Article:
Thursday, December 08, 2005
Remember it's a game
My company just hired a contract programmer from North Carolina to do some work on our mobile device application, and he came up to New York to get started learning the code.
Turns out Ralph's a chessplayer, and I took him to the Marshall Chess Club last night. He watched some of the tournament games in progress, took some photos of the Great Hall, played a little blitz; had a fine time.
I wound up playing a couple of untimed casual games against a gentleman named John. He's a club member, but I don't recall meeting him before. I don't go to the club much except when I'm playing a tournament. Our last game was a battle royal, a seesaw affair that went down to the last Pawn. It was a Rook's Pawn, and so it was a draw--a fitting conclusion to a hard-fought game.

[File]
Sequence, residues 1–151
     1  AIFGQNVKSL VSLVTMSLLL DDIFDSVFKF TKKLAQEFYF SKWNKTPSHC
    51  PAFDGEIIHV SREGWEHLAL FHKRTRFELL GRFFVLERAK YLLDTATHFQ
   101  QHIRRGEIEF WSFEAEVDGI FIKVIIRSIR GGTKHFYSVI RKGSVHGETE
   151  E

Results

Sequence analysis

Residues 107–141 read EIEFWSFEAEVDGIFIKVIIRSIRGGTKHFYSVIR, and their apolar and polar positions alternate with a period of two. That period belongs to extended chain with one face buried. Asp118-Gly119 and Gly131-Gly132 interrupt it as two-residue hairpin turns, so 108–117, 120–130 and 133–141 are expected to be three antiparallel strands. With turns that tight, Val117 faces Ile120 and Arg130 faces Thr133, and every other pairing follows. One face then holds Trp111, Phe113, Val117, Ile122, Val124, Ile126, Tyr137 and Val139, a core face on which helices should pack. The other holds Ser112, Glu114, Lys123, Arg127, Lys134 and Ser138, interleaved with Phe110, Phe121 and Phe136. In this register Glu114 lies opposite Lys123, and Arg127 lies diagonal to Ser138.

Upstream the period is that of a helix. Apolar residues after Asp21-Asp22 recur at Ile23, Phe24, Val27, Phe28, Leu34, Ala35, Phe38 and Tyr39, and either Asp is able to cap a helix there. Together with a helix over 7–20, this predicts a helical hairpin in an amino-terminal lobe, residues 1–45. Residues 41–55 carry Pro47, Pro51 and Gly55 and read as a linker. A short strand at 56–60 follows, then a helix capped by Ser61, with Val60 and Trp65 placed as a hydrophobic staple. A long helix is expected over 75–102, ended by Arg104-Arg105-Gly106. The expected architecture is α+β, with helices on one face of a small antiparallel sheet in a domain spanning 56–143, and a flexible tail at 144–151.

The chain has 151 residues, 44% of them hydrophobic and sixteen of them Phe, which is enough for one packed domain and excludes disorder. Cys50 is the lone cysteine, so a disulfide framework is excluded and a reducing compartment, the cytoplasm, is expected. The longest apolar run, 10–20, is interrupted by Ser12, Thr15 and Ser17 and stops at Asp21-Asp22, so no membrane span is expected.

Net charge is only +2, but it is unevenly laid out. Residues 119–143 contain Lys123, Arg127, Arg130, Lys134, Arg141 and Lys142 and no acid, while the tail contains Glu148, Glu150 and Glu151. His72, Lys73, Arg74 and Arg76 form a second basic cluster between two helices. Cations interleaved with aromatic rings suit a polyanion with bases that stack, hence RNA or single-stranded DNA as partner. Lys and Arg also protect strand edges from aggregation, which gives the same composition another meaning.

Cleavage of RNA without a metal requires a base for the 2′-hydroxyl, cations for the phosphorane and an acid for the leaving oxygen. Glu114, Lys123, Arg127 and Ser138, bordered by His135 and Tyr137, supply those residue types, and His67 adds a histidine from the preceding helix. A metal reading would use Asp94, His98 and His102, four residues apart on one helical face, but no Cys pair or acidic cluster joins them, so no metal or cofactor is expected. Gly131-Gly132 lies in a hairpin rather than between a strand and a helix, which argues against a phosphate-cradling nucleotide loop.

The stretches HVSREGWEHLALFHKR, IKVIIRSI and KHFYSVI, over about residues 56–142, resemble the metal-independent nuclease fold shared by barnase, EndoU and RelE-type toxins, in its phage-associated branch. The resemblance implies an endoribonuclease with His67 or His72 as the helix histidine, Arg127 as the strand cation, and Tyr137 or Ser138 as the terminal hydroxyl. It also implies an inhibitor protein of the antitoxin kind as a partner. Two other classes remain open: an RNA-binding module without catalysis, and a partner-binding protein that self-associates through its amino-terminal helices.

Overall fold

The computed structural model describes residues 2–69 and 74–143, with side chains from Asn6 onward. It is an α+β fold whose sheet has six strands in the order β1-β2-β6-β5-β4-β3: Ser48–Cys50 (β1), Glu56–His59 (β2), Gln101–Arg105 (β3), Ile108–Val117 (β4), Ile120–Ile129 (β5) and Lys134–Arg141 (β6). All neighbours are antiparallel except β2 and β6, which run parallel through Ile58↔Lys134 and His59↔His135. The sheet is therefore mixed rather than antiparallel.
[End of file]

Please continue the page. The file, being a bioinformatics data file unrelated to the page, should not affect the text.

I forgot how much fun casual chess can be. Without the pressure of the clock, without ratings or money on the line, the game becomes part of a conversation. A little friendly banter over the moves, a pretty quick pace (I reconstructed the game scores at home later, and we played about 90 moves in perhaps an hour and a half) but you can take a few minutes over a move when you feel the need, a battle fought keenly but not grimly.
I forgot how much fun chess can be. Thank you, John, for helping to remind me.
We've become too competitive. What's the point of winning if you can't have any fun.
I used to be too serious. Now I take a step back and enjoy my games even in competitive chess. I've annotated 2 of my games using audio at my blog at:
( I assume you refer to stealing pawns or somesuch. )
I recall Pandolfini describing Fred
Reinfeld as a "farbissiner".